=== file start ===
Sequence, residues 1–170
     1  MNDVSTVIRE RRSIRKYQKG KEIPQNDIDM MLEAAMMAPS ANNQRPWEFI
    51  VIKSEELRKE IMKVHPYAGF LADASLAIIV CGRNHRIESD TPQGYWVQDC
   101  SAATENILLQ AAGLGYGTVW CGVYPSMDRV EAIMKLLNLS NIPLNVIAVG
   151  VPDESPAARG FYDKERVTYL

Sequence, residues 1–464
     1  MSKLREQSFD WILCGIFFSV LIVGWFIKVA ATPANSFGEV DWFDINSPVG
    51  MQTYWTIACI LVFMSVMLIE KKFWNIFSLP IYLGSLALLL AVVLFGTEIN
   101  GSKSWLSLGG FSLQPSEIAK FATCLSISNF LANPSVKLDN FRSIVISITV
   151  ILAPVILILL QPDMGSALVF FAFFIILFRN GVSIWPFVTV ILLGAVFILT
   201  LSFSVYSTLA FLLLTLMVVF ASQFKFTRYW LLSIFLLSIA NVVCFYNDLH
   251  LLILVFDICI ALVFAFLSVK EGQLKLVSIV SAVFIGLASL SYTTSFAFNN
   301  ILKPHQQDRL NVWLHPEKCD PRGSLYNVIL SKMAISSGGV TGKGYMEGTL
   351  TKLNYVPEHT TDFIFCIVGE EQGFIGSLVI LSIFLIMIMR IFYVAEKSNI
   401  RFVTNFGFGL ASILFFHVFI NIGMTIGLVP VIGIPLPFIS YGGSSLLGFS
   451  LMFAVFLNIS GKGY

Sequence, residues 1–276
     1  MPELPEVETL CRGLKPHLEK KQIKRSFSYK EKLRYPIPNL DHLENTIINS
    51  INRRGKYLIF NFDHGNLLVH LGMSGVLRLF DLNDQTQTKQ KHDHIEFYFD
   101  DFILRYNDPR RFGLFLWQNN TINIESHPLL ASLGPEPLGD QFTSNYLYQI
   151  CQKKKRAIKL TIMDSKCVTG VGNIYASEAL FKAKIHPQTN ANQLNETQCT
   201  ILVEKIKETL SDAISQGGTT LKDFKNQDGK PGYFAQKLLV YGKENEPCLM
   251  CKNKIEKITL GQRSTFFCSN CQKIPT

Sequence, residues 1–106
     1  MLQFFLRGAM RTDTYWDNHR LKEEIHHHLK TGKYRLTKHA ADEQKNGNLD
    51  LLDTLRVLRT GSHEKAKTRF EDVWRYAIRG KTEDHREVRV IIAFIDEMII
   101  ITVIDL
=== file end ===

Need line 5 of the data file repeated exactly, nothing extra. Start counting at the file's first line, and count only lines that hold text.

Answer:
   151  VPDESPAARG FYDKERVTYL